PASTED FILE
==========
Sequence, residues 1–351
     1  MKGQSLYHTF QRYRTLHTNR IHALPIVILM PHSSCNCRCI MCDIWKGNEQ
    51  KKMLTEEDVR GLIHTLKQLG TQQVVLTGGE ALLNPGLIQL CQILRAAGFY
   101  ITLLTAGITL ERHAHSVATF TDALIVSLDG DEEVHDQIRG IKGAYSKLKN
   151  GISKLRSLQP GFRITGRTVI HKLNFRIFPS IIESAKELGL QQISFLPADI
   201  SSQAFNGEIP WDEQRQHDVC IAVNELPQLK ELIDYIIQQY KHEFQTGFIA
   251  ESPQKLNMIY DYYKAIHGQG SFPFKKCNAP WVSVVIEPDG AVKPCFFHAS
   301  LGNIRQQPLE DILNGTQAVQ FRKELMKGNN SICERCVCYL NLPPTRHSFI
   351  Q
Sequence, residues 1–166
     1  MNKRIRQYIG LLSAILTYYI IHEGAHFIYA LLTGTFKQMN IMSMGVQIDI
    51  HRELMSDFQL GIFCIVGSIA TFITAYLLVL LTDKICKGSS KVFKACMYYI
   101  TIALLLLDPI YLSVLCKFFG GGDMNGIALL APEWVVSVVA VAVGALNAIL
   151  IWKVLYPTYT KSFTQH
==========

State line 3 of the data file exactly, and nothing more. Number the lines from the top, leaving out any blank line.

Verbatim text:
    51  KKMLTEEDVR GLIHTLKQLG TQQVVLTGGE ALLNPGLIQL CQILRAAGFY